It came down to staying and filling a role vs taking a leap elsewhere and starting fresh. If you’ve been following online, you’d know I went with the second option.
“And without faith it is impossible to please Him, for whoever would draw near to God must believe that He exists and that He rewards those who seek Him.” – Hebrews 11:6
Make a pros and cons chart.
While out west, Church in the Valley had just started a new sermon series called “Moving Forward”, which came at the best time for my journey. The speaker stated that it was time to pick up the stakes and move forward; there was no more time to dilly dally when there are opportunities to grow elsewhere. Since I had to decide what to do about my burning out and stagnation feeling at work, I made a pros and cons chart between my options and listed the obvious – the pros and cons.
I highly recommend going with the option that produces more pros; at the end of the day, you want to make a decision that will positively impact your life as well as others’. As a result, I went with the second option and submitted my resignation three days after returning from our trip.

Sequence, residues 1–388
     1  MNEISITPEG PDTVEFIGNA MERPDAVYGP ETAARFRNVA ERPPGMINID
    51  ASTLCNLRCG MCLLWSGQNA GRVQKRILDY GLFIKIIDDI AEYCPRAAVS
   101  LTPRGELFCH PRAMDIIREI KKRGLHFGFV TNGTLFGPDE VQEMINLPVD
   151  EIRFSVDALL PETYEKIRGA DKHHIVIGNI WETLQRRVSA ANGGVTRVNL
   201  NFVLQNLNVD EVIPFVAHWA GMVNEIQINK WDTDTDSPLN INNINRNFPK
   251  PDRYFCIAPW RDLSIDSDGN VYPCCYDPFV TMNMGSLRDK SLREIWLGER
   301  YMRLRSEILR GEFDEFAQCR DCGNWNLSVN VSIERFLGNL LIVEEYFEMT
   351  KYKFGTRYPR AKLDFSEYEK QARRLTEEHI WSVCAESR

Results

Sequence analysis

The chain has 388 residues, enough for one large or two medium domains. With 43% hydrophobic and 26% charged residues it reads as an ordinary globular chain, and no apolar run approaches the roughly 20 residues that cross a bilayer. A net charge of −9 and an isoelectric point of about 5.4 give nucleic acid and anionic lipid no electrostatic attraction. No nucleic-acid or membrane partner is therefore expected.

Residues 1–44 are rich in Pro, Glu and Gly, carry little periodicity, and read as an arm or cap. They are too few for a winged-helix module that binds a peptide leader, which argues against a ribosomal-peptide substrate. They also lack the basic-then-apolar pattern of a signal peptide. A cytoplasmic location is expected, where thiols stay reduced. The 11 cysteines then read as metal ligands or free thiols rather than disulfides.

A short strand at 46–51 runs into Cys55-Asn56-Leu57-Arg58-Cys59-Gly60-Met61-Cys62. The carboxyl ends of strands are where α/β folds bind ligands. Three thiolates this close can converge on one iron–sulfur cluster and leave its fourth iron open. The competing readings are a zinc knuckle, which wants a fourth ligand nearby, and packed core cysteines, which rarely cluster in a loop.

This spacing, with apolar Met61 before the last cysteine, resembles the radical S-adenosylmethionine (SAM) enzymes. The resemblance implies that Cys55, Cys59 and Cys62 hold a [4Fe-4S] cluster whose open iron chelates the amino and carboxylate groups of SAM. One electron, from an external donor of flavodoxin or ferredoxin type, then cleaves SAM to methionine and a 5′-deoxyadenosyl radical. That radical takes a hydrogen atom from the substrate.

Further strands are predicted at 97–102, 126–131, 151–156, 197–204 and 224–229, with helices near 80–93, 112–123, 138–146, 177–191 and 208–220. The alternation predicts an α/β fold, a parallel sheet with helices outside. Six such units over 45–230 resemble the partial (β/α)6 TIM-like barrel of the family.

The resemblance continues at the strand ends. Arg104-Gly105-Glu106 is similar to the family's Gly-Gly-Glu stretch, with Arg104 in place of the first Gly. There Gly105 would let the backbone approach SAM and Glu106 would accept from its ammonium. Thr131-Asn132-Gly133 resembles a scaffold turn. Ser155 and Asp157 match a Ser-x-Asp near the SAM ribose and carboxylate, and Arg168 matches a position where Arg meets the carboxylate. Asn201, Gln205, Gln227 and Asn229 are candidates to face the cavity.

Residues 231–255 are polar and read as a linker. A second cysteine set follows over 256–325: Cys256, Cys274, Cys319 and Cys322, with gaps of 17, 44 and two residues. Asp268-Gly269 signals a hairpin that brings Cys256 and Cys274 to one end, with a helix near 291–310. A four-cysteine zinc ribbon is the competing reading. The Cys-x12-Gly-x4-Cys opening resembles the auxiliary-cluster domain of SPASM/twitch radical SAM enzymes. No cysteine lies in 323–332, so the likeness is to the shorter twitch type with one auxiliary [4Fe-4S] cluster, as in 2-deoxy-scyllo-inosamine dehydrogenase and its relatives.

Was I nervous? Absolutely. Was it an easy conversation? No way! Wait, so you resigned in person? You got it, dude.
Talk it out.
Of course making the decision did not happen over night. Every good decision takes time to hash out the options and consider every good and bad possibility. Choosing should never be done alone, unless you are completely certain the decision you are making is what it is.
Talk to someone who can speak wisdom and guide you through the decision-making process. Reach out to a co-worker, neighbour, friend or family member that you truly believe can help you decide. You want someone or a group of people who know you, understand where you’re at, and can help you see the bigger picture.
For me, it was a combination of many: my women’s’ group, mentors, family, friends, and neighbours… and at one point I did talk to my dog LOL. You get the point.
Once you’ve done the above steps, give it to God. God knows what’s before you and He knows exactly what’s best. It’s up to you to endure the process and take action.
“For I know the thoughts that I think toward you, says the Lord, thoughts of peace and not of evil, to give you a future and a hope. Then you will call upon Me and go and pray to Me, and I will listen to you. And you will seek Me and find Me, when you search for Me with all your heart. I will be found by you, says the Lord…” – Jeremiah 29:11-14
He knows the end from the beginning, and is our Alpha and Omega. He is the God of our in-between; He will work it out with us as we wrestle with the circumstances that test our faith to trust His ways versus ours.
“For my thoughts are not your thoughts, neither are your ways my ways, declares the Lord.” – Isaiah 55:8
Surrender the worries, fears and doubts because God has it all covered. The problem with us is that we struggle with letting go. We want control and need to be reminded that we aren’t in control. Our responsibility is to seek out the help we need to make an effective decision.